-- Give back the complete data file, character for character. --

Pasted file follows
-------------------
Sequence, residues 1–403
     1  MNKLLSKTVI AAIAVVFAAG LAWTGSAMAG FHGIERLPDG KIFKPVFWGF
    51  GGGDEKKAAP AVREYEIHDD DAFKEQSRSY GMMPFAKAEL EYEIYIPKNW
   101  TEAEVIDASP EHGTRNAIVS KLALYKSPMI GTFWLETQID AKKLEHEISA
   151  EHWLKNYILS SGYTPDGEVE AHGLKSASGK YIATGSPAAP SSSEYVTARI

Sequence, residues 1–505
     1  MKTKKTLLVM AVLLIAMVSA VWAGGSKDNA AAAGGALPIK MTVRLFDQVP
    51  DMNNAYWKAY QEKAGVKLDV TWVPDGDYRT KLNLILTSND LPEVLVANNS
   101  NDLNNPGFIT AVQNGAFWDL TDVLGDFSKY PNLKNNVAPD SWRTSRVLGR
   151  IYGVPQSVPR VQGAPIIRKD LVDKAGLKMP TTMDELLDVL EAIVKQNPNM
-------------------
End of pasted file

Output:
Sequence, residues 1–403
     1  MNKLLSKTVI AAIAVVFAAG LAWTGSAMAG FHGIERLPDG KIFKPVFWGF
    51  GGGDEKKAAP AVREYEIHDD DAFKEQSRSY GMMPFAKAEL EYEIYIPKNW
   101  TEAEVIDASP EHGTRNAIVS KLALYKSPMI GTFWLETQID AKKLEHEISA
   151  EHWLKNYILS SGYTPDGEVE AHGLKSASGK YIATGSPAAP SSSEYVTARI

Sequence, residues 1–505
     1  MKTKKTLLVM AVLLIAMVSA VWAGGSKDNA AAAGGALPIK MTVRLFDQVP
    51  DMNNAYWKAY QEKAGVKLDV TWVPDGDYRT KLNLILTSND LPEVLVANNS
   101  NDLNNPGFIT AVQNGAFWDL TDVLGDFSKY PNLKNNVAPD SWRTSRVLGR
   151  IYGVPQSVPR VQGAPIIRKD LVDKAGLKMP TTMDELLDVL EAIVKQNPNM